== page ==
A medical alert scam is making rounds to senior citizens nationwid
e offering a “free” medical alert system. How the Scam Works:
Phone calls or pre-recorded messages are left by medical alert imposters stating that consumers are eligible for a “free” medical alert system. The messages state that a friend or family member has paid for the product and instructs listeners to press #1 to be transferred to a company representative to schedule the delivery of the product. What these scammers are actually after is sensitive information such as bank account numbers, addresses, and social security numbers.
BBB is warning consumers to hang up the phone or delete any messages about this "free" product. Most importantly consumers should refrain from giving away personal or financial information.
BBB is advising consumer to watch out for these red flags:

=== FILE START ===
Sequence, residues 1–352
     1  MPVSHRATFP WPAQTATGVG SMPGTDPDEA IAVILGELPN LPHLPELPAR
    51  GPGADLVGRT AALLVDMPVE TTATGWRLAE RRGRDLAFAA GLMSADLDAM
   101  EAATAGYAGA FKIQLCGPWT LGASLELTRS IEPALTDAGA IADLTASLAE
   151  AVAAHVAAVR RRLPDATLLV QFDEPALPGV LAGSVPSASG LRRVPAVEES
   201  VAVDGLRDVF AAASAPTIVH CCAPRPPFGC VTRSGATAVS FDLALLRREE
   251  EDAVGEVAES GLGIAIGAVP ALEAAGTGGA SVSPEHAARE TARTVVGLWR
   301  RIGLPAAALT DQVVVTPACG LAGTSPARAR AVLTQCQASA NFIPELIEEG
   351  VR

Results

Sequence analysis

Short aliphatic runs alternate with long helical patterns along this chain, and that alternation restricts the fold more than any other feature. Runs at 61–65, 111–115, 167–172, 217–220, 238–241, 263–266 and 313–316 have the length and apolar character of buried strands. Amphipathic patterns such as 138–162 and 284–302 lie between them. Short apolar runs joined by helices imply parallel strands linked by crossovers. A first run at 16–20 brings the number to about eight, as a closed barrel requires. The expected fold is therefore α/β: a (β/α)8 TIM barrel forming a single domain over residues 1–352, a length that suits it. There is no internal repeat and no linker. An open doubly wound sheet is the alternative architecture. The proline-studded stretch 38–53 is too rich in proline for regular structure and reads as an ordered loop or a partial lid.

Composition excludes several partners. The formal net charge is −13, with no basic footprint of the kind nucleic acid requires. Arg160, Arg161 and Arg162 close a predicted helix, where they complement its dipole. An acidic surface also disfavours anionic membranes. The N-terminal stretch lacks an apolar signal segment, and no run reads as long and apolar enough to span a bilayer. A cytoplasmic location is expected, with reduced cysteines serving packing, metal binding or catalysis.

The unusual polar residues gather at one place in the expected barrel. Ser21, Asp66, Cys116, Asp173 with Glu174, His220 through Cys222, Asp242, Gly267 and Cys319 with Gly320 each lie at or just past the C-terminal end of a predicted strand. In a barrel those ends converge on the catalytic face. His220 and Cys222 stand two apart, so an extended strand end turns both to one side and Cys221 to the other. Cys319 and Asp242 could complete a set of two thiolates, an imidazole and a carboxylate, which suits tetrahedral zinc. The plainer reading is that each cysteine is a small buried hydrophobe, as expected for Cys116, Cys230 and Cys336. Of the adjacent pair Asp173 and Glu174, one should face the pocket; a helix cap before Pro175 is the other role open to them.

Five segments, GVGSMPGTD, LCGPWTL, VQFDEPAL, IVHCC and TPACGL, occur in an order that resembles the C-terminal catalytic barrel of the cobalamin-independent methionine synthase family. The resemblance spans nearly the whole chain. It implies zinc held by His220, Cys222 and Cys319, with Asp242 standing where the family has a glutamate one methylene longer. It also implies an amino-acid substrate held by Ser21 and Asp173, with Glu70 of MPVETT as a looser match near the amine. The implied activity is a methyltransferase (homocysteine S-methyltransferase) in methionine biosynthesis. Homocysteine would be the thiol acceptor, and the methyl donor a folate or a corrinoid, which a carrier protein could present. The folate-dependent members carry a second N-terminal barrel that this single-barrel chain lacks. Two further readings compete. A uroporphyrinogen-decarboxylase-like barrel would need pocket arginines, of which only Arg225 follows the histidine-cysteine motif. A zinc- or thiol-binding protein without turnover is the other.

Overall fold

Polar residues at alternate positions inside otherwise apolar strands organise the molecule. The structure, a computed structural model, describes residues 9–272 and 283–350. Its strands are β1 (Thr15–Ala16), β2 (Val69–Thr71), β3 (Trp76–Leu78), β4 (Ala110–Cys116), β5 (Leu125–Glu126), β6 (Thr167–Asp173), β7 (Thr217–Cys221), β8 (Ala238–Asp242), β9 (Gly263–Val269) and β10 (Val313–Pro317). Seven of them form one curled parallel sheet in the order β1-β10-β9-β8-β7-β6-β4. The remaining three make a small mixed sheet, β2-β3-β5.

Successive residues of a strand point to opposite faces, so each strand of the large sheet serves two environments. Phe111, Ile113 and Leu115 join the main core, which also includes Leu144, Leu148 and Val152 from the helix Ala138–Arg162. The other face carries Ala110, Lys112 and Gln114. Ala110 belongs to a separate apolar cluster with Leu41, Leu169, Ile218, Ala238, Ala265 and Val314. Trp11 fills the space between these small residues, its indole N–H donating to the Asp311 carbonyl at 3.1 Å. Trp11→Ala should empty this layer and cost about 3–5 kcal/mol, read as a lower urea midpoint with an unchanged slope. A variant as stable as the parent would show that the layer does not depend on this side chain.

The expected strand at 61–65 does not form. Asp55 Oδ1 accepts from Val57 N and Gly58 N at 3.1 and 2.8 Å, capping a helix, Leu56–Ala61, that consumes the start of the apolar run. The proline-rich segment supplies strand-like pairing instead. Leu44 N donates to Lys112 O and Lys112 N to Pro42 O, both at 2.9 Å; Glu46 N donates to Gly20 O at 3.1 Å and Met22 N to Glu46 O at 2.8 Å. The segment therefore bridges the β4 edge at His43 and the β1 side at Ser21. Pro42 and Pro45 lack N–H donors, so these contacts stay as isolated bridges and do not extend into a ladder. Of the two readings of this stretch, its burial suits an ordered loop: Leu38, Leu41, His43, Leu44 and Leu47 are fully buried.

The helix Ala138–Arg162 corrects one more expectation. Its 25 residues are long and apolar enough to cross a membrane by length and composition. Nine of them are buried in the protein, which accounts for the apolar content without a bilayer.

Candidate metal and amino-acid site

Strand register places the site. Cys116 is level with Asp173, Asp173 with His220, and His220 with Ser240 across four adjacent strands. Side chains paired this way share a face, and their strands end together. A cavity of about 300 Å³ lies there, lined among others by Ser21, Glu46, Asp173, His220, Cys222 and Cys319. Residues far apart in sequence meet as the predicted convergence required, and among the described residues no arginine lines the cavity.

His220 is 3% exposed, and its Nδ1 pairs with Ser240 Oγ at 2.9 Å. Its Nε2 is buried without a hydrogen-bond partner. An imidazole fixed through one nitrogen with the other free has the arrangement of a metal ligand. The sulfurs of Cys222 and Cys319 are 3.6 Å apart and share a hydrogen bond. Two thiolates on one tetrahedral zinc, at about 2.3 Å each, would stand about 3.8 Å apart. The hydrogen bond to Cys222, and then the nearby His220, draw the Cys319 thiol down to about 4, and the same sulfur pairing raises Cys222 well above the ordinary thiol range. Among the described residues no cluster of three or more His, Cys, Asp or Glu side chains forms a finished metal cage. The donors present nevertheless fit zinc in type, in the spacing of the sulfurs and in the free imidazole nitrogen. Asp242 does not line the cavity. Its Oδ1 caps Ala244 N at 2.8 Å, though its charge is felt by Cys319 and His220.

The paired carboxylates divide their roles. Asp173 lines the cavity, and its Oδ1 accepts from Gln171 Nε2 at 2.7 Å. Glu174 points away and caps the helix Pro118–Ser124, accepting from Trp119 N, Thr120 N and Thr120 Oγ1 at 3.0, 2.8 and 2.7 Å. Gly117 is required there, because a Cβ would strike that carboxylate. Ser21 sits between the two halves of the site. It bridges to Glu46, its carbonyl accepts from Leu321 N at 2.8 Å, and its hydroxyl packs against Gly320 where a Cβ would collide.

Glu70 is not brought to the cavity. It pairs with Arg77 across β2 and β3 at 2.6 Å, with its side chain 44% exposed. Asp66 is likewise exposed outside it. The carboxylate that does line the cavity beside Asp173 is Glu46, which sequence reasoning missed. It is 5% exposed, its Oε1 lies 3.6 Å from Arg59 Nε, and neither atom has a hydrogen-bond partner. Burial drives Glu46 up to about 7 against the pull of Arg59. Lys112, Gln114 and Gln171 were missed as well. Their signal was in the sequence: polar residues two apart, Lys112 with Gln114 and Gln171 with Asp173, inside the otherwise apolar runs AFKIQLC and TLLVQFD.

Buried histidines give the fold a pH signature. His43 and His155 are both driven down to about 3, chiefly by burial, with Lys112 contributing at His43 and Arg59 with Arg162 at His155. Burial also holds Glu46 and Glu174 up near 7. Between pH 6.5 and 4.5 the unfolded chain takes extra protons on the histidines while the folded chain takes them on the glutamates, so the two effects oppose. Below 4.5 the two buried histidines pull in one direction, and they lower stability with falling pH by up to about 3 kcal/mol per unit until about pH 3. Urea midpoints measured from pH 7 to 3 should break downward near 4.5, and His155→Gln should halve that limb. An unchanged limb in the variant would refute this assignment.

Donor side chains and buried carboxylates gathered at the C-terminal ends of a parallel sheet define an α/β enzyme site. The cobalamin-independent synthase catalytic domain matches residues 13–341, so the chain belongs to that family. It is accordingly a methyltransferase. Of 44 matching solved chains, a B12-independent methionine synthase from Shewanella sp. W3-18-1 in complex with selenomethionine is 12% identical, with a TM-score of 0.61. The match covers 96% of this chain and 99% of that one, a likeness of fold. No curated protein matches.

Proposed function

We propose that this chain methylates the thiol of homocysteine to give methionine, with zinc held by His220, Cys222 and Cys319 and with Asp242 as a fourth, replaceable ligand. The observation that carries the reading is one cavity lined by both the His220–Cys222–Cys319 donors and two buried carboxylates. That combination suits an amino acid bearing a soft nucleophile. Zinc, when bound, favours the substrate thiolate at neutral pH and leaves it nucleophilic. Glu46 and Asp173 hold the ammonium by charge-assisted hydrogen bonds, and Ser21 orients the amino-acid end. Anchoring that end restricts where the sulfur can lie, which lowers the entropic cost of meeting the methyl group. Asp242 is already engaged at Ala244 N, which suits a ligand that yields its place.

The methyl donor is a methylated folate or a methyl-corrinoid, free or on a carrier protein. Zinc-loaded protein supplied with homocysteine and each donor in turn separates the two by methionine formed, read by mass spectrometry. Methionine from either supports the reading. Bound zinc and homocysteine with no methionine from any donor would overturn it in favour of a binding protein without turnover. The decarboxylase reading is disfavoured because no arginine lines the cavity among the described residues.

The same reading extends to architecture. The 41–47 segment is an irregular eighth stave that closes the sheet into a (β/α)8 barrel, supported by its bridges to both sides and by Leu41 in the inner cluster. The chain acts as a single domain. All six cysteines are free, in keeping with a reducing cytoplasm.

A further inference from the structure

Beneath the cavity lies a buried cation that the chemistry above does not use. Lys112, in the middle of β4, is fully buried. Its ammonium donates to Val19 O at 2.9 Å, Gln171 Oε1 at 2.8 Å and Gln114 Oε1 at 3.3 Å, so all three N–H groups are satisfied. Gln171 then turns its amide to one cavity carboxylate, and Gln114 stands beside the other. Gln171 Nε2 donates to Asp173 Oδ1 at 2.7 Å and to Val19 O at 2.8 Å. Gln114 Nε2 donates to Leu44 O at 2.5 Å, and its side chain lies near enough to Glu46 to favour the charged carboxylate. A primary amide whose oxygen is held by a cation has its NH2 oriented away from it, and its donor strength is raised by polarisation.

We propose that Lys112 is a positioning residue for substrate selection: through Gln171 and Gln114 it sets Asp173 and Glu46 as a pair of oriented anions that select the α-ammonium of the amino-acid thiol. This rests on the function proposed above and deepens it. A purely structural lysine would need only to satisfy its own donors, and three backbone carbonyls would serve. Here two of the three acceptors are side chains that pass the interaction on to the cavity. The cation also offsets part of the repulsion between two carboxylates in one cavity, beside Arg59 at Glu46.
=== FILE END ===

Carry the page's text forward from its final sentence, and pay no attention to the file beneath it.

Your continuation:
- Promises of something for free. Be wary of “free” offers that ask you to pay a handling fee or other charges.
- Implied endorsement from a well-known organization. In this case, the call claims that it has been recommended by numerous hospitals and medical professionals.
- Spoken errors. Just as phishing emails often contain misspellings and grammar errors, scam calls can have similar errors.
- The caller or automated message tries to create a sense of panic. In this case, the call alarms seniors by describing a situation where someone has experienced a fall or emergency situation in the past.
- Calls that push for immediate action. Listen for language like “this offer is good for today only!”
- Refuses to Answer Questions Directly, Provide Contact Info, or Complete Offer Details. Any legitimate business should be able to give you detailed contact information, such as an address or website.
For more tips you can trust, please visit bbb.org.